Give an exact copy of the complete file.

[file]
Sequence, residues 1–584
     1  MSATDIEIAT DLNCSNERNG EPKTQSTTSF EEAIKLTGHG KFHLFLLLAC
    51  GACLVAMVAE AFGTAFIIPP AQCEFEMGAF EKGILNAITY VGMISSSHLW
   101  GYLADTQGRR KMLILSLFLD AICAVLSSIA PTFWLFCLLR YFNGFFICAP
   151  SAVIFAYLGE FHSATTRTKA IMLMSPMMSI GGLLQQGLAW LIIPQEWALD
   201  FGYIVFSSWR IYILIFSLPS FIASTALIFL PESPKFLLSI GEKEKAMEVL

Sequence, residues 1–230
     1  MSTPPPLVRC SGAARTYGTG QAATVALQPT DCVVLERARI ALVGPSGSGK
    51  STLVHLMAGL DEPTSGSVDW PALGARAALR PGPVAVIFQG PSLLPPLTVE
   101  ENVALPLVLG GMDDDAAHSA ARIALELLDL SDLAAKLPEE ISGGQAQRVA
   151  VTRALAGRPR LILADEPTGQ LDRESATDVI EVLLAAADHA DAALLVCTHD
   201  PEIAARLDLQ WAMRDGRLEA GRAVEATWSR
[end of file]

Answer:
Sequence, residues 1–584
     1  MSATDIEIAT DLNCSNERNG EPKTQSTTSF EEAIKLTGHG KFHLFLLLAC
    51  GACLVAMVAE AFGTAFIIPP AQCEFEMGAF EKGILNAITY VGMISSSHLW
   101  GYLADTQGRR KMLILSLFLD AICAVLSSIA PTFWLFCLLR YFNGFFICAP
   151  SAVIFAYLGE FHSATTRTKA IMLMSPMMSI GGLLQQGLAW LIIPQEWALD
   201  FGYIVFSSWR IYILIFSLPS FIASTALIFL PESPKFLLSI GEKEKAMEVL

Sequence, residues 1–230
     1  MSTPPPLVRC SGAARTYGTG QAATVALQPT DCVVLERARI ALVGPSGSGK
    51  STLVHLMAGL DEPTSGSVDW PALGARAALR PGPVAVIFQG PSLLPPLTVE
   101  ENVALPLVLG GMDDDAAHSA ARIALELLDL SDLAAKLPEE ISGGQAQRVA
   151  VTRALAGRPR LILADEPTGQ LDRESATDVI EVLLAAADHA DAALLVCTHD
   201  PEIAARLDLQ WAMRDGRLEA GRAVEATWSR